TOKYO, JAPAN (May 4, 2011) – The Japan Covenant Church celebrated its 60th anniversary at the Covenant Seminary on Tuesday. More than 120 people from the denomination’s 23 churches attended.
Prior to the devastating earthquake and tsunami on March 11, plans called for a three-day retreat. However, the facility the church had intended to use was unavailable because it was being used to host people who fled from the disaster areas.
Evangelical Covenant Church President Gary Walter spoke in the morning. Executive Minister of World Mission Curt Peterson addressed the gathering in the afternoon. Youth from two churches led in singing and a 10-minute DVD of the denomination’s history was shown.
The Covenant representatives brought gifts for the denomination. Walter presented a plaque, which was received by chairman Yasushi Shimizu. Peterson gave the Japan denomination two cut glass candleholders fashioned by Orrefors, a world-renown glassmaker from Sweden.
Peterson told the celebrants that the candles represent the two denominations and how each brings the light of Christ to the world. In his sermon, he said that to continue illuminating the world, the members of each denomination must “Remember, Forget, Dream.”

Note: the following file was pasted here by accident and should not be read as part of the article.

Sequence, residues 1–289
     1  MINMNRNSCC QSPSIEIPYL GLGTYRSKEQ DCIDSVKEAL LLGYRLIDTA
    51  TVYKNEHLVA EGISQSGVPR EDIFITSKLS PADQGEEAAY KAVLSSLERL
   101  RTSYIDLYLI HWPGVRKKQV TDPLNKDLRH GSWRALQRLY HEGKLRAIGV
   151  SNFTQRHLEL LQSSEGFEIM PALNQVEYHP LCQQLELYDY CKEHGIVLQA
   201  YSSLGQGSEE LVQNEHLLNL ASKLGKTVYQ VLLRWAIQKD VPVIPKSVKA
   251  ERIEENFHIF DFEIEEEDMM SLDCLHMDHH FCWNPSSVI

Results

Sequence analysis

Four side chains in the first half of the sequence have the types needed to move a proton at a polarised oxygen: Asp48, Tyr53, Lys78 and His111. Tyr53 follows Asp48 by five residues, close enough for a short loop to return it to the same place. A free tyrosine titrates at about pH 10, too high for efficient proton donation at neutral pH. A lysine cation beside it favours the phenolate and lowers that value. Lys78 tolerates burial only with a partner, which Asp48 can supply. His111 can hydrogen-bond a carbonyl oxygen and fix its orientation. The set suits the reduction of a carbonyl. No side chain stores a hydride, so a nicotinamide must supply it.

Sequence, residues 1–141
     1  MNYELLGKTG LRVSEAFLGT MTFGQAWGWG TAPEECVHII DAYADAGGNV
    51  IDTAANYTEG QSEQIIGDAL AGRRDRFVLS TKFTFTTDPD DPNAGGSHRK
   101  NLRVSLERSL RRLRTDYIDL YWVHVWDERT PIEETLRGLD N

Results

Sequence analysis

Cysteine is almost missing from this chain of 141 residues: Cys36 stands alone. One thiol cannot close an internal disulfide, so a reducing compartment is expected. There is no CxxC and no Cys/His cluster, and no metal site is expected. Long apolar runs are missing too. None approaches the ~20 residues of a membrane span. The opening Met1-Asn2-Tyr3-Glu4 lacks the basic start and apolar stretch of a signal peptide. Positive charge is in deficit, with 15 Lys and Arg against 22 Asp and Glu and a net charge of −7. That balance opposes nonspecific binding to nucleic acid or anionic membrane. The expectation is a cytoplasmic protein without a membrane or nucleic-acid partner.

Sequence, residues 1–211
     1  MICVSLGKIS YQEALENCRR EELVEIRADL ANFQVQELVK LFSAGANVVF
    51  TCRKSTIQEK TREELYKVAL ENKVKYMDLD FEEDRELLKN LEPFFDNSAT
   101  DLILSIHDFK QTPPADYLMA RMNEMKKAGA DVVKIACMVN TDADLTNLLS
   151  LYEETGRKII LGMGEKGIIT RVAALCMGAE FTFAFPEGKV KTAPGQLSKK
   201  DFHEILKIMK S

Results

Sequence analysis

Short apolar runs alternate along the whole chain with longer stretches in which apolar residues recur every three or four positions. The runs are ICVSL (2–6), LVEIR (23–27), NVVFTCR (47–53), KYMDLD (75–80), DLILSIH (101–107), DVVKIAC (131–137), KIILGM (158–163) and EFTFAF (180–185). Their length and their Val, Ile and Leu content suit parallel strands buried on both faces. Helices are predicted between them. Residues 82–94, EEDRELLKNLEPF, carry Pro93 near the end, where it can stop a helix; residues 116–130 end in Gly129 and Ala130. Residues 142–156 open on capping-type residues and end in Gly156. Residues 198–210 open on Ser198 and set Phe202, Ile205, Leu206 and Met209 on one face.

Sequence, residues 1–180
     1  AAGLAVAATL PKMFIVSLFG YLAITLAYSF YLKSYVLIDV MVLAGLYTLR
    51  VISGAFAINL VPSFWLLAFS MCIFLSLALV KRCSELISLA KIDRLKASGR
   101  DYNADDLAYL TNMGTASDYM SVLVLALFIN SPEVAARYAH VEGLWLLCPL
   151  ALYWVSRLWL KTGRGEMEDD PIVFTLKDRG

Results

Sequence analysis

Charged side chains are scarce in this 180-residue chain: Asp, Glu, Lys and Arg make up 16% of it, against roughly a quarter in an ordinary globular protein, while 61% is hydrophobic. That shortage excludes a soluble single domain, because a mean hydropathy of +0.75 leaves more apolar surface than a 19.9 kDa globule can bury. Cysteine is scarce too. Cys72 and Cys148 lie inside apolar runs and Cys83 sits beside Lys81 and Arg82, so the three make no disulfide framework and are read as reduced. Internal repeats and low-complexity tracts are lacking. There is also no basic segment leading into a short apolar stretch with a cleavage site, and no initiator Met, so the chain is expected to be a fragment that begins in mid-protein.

He elaborated, saying that we are to remember the good things God has done in our midst, forget the things of the past – our own sins, the sins of others against us, former successes – and dream about what God can do through us by the power of Christ.
Walter noted that the Japan Church was showing up with hope in areas ripped apart by the March disaster. Also at the meeting, Japan leaders announced their plans for the country’s Covenant churches to continue spreading that hope over the next several months.
The church itself also needed to be reminded of that hope. Missionary Gary Carlson said that following the gathering, participants’ comments centered on the theme that “in the midst of all that Japan is suffering after the quake and tsunami, the encouraging words of these two men were just what everyone needed to hear.”
The day before the celebration, the Carlsons took the American guests to see the elder care ministries at Hotto Space Nakahara, a program of the Japan Covenant’s Nakahara Christ Church in the city of Kawasaki. They also visited a sheltered workshop for those with mental illness, which is on the first floor of the denomination’s Odawara Christian Center, and surveyed some of the areas stricken in the March disaster.
To read more of events surrounding the celebration, visit Covenant missionary Jim Peterson’s blog.